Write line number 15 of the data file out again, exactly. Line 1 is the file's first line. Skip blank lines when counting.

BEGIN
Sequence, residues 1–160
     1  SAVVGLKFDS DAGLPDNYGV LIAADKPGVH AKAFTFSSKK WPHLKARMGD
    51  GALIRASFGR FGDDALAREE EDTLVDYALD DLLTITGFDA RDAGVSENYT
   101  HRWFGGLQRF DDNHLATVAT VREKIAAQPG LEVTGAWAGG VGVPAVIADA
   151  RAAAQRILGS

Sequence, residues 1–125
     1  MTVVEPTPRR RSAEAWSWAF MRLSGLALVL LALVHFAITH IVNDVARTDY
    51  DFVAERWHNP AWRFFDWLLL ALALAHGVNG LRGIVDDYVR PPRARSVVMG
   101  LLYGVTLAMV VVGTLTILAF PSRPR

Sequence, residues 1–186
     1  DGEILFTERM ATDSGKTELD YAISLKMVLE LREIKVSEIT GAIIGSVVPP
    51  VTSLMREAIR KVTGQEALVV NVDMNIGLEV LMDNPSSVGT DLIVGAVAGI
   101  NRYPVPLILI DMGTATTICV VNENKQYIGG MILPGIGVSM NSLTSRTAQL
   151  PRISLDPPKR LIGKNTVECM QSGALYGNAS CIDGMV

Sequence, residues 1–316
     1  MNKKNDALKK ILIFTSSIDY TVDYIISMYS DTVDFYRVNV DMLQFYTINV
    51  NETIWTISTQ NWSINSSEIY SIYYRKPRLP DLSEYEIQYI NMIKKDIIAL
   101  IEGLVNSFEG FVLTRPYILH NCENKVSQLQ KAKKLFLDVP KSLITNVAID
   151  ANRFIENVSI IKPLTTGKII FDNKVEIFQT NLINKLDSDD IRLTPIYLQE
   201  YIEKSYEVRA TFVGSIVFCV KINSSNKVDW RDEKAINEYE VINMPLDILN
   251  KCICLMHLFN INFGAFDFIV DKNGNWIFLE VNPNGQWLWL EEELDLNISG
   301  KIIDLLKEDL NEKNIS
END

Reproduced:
Sequence, residues 1–316